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Othello Essay, Research Paper
A SHAKESPEAREAN TRAGEDY
Shrewd and devious behaviour, especially for his own benefit is perpetuated by the manipulative and evil Iago throughout the Shakespearean tragedy Othello. Iago tampers with the truth and falsifies events in an attempt to secure power and seek revenge. In his quest for power no one is safe from his devious deeds. His lies and manipulative tales ultimately prove destructive to the other characters in the play. Iago appears to be without conscience, continuing to fabricate stories and initiate rumors. Iago is cynical; obsessed with his own personal gain. His manipulative and spiteful behaviour leads to the thirst for revenge, the betrayal of friendships, and the destruction of love.
The hunger and quest for revenge, the result of jealousy leads to the downfall of a number of Shakespearean characters in the play, Othello. Iago is extremely manipulative and power oriented, yearning to be in control and exercise authority. When news of Cassio’s promotion reaches him he is overcome with jealousy and vows to seek the ultimate revenge – Cassio’s dismissal. Iago rants that he will “have our Michael Cassio on the hip, abuse him to the Moor in the rank garb – For I fear Cassio with my night-cap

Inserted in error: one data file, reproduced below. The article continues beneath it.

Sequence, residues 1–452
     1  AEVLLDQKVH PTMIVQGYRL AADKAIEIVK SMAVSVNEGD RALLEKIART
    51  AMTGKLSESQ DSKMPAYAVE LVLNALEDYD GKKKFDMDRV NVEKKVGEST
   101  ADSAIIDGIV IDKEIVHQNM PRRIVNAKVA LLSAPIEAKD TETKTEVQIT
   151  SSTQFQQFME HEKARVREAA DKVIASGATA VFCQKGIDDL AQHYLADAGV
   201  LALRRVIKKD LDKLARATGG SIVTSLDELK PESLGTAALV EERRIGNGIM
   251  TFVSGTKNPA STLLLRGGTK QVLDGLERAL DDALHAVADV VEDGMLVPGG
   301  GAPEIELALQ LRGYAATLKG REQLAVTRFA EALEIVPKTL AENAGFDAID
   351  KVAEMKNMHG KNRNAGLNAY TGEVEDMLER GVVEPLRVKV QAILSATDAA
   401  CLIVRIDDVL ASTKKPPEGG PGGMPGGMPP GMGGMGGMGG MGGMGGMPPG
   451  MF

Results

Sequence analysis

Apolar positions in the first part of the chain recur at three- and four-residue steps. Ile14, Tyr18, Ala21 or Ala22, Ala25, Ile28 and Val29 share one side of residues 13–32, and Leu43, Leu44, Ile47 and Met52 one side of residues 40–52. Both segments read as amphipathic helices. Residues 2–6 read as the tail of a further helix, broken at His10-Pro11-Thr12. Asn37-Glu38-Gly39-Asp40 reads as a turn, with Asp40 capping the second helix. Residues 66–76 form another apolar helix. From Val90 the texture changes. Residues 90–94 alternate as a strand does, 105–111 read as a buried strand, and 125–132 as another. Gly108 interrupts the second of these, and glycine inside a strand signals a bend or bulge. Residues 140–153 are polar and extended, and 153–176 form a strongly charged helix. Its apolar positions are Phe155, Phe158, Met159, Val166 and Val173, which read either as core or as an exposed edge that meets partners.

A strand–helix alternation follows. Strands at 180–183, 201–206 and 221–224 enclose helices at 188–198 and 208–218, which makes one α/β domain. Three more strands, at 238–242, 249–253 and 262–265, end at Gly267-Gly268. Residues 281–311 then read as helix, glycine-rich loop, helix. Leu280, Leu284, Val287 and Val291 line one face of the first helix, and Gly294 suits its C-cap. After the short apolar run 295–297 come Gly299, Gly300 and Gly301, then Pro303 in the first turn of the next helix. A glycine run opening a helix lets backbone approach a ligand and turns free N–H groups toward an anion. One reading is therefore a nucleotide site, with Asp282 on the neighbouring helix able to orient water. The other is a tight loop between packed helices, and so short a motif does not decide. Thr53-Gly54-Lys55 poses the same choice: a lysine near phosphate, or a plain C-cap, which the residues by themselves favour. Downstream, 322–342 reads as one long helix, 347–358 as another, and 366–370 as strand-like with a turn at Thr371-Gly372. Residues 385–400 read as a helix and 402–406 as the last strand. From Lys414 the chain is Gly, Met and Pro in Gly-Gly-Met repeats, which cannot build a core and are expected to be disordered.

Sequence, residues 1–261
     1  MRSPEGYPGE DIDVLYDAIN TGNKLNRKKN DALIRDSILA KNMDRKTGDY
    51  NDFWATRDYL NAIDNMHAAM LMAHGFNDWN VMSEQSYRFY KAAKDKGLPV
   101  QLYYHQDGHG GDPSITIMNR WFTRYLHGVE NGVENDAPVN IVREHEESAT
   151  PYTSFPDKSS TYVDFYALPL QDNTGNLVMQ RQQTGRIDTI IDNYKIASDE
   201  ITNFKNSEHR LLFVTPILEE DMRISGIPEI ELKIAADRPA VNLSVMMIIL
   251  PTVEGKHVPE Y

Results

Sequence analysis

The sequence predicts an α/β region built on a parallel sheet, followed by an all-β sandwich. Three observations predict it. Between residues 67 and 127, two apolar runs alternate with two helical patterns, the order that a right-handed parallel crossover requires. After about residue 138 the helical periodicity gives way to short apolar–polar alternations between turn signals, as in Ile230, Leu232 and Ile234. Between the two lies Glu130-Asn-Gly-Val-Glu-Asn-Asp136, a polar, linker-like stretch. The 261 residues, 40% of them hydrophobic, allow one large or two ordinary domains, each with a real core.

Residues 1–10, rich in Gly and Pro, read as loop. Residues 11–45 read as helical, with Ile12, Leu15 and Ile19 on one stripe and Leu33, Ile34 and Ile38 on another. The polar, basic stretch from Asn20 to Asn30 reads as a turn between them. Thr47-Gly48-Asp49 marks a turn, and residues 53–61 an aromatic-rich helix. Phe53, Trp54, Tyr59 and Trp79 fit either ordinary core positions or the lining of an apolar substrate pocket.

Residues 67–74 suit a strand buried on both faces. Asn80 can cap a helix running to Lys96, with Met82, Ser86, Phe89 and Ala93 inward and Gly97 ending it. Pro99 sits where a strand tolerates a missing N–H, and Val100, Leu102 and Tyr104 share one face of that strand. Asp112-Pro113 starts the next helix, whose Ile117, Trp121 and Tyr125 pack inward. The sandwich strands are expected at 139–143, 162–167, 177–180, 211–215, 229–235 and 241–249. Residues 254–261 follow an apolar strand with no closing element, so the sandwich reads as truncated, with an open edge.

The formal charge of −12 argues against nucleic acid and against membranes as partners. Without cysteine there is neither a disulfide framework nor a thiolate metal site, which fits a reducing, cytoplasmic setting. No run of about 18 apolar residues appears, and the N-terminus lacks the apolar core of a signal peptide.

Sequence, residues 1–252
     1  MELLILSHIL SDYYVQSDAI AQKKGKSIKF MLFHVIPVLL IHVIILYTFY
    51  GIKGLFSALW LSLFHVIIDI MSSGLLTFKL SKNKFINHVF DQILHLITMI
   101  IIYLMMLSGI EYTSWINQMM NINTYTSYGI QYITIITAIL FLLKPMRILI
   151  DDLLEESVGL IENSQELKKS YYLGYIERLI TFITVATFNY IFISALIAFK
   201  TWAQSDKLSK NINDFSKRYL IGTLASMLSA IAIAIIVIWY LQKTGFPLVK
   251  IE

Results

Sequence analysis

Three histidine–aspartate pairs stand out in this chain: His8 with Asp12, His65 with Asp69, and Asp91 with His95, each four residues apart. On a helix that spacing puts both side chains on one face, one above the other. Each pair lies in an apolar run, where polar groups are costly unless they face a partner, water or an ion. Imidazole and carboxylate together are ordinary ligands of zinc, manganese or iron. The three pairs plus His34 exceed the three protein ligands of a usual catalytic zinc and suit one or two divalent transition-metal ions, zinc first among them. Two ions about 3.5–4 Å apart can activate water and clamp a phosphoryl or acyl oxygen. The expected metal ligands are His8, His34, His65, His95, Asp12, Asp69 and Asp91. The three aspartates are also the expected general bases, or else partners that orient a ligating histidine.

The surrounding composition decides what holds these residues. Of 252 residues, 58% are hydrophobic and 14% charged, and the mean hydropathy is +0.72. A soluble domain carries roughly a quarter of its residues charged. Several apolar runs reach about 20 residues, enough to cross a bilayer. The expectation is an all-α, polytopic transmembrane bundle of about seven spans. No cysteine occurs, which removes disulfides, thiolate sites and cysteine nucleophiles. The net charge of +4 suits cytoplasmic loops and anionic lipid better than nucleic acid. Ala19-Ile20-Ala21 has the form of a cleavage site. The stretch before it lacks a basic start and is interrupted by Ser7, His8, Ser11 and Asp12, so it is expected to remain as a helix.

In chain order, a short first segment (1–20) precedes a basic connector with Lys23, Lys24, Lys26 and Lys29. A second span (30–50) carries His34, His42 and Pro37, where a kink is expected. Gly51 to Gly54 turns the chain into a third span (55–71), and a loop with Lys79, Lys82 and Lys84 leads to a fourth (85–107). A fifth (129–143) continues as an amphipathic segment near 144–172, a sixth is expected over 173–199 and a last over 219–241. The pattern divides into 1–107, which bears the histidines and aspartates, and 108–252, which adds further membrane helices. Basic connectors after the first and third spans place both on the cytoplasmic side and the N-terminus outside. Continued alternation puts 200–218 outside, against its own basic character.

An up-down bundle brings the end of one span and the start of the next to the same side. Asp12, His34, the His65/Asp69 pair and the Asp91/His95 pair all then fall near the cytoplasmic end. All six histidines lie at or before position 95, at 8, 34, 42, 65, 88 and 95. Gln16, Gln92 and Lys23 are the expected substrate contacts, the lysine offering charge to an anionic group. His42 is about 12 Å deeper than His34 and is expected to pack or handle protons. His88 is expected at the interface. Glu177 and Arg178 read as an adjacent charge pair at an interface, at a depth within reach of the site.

too” (37). At the dual celebration for Desdemona’s and Othello’s marriage and the end of the Turkish threat to Cyprus, Iago sets his plan in motion by persuading Cassio to indulge in too many cups of wine. Iago insists that Cassio have “but one cup” (39) “that would fain have measure to the health of black Othello” (39). With Cassio in this vulnerable state, Iago hopes a feud between Roderigo and Cassio will develop. His plan for revenge meets with great success. A fight occurs between Cassio and Montano. Othello hears the sudden commotion and immediately leaves his quarters and appears at the town square to strip Cassio of his noble title. Othello makes a point of if to assure Cassio that he does “love thee, but nevermore be officer of mine” (45). Cassio’s reputation is shattered as a result of the manipulative efforts of Iago. Once again, Iago’s unscrupulous behaviour and shrewd planning allows his master plan to develop.